she’s a supergeek, supergeek (she’s supergeeky)

A fresh MMWR in my mailbox, hooray! Not every girl gets excited about epidemiology, but I do. I’ve always wished I could be a doctor. If there were one STEM field for me, it would be medicine, especially epidemiology. This is why I had a crush on Matthew Modine in seventh grade: because he was Don Francis in And The Band Played On. I also get a kick out of PRAMS being an abbreviation for something monitoring pregnant women. Obviously whoever came up with that one was English. (Or so obliviously not English.)

Case studies keep me up at night, feverishly crunching numbers: what does this mean? Where’s the pattern? Once, the answer was “he forgot to account for the other cases in the articles to which he linked”, a mistake because I do not read nearly as selectively as he did. I read what I’m given, I interpret the data, and I conclude that no, the point’s not been made nearly as solidly as the… pointer… wished.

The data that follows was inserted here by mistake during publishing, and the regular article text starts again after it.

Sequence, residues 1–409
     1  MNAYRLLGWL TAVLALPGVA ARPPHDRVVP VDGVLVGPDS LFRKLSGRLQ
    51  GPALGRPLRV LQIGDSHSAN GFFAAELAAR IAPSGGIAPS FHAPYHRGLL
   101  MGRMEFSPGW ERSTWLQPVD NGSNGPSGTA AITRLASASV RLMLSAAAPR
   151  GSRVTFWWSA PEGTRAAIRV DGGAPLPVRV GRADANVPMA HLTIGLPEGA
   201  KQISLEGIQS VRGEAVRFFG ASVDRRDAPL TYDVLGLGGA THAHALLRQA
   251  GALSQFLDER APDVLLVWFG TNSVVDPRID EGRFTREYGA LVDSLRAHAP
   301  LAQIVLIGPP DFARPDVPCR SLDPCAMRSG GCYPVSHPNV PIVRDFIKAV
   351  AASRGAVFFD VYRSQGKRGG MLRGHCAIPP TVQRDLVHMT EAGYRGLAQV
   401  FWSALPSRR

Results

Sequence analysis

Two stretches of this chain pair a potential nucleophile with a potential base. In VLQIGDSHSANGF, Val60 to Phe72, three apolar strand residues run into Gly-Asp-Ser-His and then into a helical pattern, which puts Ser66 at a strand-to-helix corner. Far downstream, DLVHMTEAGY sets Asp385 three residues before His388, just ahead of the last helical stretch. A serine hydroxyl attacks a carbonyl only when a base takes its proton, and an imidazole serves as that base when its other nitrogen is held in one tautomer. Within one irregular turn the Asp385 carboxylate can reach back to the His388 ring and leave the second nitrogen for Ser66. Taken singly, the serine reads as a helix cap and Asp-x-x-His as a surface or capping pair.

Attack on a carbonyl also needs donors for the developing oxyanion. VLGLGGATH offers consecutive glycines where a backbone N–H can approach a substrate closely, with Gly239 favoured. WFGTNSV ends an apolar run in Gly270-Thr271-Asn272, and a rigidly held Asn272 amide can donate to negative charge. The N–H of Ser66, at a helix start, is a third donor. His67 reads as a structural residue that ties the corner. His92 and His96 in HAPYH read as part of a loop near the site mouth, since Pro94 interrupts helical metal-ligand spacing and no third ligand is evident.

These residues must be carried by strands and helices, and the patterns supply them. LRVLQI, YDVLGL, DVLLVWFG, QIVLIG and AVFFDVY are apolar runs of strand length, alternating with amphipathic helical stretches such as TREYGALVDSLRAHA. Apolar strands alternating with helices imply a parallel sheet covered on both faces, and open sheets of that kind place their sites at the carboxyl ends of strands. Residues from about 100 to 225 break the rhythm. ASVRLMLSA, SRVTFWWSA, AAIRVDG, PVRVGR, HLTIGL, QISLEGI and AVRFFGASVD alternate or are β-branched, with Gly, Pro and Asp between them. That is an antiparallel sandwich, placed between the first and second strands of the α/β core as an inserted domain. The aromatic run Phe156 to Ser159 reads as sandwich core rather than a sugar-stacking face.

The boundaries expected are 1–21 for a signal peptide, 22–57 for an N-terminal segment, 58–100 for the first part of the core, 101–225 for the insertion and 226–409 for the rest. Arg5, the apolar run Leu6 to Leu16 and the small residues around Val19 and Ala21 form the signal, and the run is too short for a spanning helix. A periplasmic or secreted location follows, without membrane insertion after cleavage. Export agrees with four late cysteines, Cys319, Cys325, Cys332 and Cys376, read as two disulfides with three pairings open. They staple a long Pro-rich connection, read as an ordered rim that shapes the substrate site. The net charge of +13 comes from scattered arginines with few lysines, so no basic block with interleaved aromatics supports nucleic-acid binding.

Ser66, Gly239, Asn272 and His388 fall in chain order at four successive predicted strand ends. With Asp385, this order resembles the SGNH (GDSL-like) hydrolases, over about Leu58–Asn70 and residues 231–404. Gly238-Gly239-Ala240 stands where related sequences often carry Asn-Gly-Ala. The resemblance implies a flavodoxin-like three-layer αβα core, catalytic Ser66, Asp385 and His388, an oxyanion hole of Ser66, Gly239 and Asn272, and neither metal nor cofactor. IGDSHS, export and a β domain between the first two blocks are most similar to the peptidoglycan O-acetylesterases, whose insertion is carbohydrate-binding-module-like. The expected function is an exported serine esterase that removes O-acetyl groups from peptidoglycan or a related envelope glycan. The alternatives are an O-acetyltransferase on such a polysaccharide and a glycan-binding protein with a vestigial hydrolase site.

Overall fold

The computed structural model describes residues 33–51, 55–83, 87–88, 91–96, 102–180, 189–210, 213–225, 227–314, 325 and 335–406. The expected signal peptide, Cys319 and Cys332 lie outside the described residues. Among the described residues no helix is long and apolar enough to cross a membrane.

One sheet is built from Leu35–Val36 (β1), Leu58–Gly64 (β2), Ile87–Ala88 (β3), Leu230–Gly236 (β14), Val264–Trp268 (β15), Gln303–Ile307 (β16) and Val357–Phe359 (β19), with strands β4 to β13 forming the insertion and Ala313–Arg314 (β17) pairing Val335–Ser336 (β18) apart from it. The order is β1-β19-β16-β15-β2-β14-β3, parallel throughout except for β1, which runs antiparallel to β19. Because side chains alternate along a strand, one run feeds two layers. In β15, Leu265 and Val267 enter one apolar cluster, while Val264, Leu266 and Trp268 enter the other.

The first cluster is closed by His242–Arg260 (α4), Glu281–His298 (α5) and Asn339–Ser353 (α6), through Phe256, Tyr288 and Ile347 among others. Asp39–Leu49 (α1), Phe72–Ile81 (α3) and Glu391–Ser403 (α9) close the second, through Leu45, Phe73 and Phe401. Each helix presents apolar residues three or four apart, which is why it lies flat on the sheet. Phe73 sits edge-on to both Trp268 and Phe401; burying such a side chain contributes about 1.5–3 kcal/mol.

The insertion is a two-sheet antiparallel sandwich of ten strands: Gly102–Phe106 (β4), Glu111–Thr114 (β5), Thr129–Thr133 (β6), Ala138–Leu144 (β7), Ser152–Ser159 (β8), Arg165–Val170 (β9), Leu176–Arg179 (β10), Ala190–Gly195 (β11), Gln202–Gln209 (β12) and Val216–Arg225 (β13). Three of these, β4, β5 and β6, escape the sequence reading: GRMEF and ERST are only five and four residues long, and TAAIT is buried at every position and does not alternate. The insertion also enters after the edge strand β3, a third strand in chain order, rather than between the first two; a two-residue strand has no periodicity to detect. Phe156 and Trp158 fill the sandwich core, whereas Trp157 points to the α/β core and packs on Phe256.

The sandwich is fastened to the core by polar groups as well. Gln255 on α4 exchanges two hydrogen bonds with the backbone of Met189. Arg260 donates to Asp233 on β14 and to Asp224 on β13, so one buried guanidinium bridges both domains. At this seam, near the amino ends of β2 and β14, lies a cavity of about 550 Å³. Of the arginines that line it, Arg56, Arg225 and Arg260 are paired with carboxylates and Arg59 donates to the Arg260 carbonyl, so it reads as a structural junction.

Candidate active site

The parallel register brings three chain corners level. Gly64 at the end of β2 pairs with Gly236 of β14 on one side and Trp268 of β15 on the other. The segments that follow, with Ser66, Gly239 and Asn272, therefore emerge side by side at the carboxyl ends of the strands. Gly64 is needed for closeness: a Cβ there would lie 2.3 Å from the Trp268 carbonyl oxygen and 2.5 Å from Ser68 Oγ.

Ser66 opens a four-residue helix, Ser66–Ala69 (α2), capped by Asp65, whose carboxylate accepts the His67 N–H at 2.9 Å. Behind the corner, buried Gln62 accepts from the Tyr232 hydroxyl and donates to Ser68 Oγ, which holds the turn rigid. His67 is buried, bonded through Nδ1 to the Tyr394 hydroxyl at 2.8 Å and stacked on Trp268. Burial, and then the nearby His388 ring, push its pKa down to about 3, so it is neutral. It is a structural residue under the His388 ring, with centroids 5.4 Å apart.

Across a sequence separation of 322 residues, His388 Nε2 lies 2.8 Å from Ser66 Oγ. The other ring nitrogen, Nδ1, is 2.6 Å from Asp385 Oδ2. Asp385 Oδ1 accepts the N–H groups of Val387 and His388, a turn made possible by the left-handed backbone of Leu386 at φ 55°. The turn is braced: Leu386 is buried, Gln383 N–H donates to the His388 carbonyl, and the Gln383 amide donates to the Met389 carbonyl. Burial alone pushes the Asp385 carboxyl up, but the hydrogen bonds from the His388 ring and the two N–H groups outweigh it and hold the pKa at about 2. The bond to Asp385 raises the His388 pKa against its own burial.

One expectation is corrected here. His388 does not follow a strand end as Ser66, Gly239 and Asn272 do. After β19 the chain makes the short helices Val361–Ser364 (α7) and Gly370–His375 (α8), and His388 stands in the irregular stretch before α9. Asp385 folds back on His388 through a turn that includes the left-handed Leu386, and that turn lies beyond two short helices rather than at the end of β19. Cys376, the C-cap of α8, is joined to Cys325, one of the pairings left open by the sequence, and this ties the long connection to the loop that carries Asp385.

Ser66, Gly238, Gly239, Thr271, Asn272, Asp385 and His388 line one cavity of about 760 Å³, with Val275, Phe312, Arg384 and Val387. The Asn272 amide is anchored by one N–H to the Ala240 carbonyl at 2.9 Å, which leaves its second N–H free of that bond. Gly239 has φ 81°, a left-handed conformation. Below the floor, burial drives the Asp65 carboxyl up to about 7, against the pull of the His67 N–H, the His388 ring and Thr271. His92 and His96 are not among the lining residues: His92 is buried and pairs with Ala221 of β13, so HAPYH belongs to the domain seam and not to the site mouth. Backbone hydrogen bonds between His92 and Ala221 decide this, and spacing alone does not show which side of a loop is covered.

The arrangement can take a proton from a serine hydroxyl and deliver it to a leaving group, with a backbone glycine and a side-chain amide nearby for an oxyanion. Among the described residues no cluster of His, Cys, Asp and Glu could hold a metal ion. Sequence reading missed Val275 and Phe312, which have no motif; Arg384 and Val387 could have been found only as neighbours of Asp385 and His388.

I translate modern medicine into fantasy settings. It excites me to consider what a healer would have to do to diagnose, let alone save the patient, and where magic might become applicable. SARS in a setting that is barely Enlightenment-level in terms of science? Plot point!

On a complete tangent, tomorrow is St Crispin’s Day.

So, according to my CDC emails, today is World Polio Day, and isn’t it sad that we still need one of those? Can’t we do better? — Of course not; this is the age of “keep your lifesaving vaccinations out of my body”. People may have been scared enough of smallpox to get scratched, or just aware of what it could do. I don’t think we understand the implications of polio anymore. There’s no excuse not to vaccinate where it won’t do more harm than good. I know some people are allergic to the vaccine, and others are immunocompromised. That’s why we jab: to protect the people who can’t be protected in any other way. To eradicate the nasties so they only live in labs under lock and key.

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